After competing in the Summer Games, more than a dozen Cougar athletes now bear the enduring title of Olympian.
Of the current and former BYU athletes who competed in Athens, two brought medals home, and three others finished in the top 10 in their events.
Pressed into action on the pommel horse after teammate Blaine Wilson bowed out with a back injury, former BYU gymnast Guard W. Young, ’02, helped his team advance to the medal round. There he earned an impressive 9.7 for his floor exercise, and the men eventually took second place behind Japan.
“This medal is the second-most beautiful thing I have ever seen, after my wife and son. They have been my inspiration,” Young said after the competition. “When I wore the medal around my neck, I stopped for a minute and thought about what I had to do in my life to get her. Ten years of training.” Young is in his fifth year as assistant coach for the University of Oklahoma men’s gymnastics team.
Silver also shone for BYU on water. Megan D. Dirkmaat, ’97, and the other eight members of the women’s eight won their preliminary heat, setting the world’s best time. They later rowed their way to a silver medal, less than 2 seconds behind Romania. Dirkmaat attended BYU before transferring to UC–Berkeley.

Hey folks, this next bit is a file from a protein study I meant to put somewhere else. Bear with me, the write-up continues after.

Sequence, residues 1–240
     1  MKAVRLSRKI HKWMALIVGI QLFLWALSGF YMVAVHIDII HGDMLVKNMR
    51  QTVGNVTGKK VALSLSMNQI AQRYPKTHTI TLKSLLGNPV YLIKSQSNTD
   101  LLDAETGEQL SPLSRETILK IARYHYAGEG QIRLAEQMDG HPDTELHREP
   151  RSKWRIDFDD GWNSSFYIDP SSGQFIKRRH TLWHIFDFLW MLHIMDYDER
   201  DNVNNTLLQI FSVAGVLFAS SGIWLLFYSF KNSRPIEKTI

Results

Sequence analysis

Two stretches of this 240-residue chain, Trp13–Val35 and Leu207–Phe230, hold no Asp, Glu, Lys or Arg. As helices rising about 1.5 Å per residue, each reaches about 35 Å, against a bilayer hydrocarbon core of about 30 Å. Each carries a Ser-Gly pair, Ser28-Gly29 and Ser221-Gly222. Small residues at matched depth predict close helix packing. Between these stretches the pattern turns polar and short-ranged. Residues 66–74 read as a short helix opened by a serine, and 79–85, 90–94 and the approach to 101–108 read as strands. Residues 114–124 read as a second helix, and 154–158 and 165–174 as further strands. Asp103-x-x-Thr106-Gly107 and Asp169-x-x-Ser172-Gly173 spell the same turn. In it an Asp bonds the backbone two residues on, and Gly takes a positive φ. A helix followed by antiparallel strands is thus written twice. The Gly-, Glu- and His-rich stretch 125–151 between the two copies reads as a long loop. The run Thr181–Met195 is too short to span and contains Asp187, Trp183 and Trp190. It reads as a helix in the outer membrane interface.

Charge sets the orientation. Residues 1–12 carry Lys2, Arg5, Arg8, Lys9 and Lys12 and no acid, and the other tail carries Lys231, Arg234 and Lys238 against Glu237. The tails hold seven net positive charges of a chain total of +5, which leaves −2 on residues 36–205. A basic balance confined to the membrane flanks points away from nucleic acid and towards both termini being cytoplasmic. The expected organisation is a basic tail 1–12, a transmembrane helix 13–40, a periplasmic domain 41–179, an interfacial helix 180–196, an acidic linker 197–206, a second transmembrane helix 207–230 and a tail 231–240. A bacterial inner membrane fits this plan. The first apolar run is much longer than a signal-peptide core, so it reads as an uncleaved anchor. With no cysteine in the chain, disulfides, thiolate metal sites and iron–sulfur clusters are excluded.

Two-time Olympian Ryan M. Millar, ’03, played for the United States team, which lost its first game to Italy. The men rallied to win four of their next six matches before Russia disappointed them in the bronze-medal game. The men improved from their 11th-place finish in Sydney four years ago.
Track and Field
Representing Namibia, BYU-record-holder Frank Fredericks, ’91, made another run for gold in the 200-meter final. But a solid win by a trio of Americans put the Olympic veteran just beyond the medals by 0.11 second.
“I’m just a little emotional and a little sad really,” Fredericks said. “Obviously, I wanted to go out with a medal, but I just have to be happy with fourth.”
In the closing ceremonies of the Games, Fredericks found some solace in wearing a medal of a different sort when his peers in the Olympic Village elected him and three other athletes to eight-year terms with the International Olympic Committee’s Athletes’ Commission.
Another bright spot at the Games, Rachelle Smith Kunkel, ’02, finished ninth, the only diver from the United States to make it into the women’s 3-meter springboard finals. Kunkel took time off from her work as a labor-and-delivery nurse in Los Angeles to compete in Athens.
Visit magazine.byu.edu/athens for a complete list of BYU’s Olympic athletes, competition results, and links to media coverage.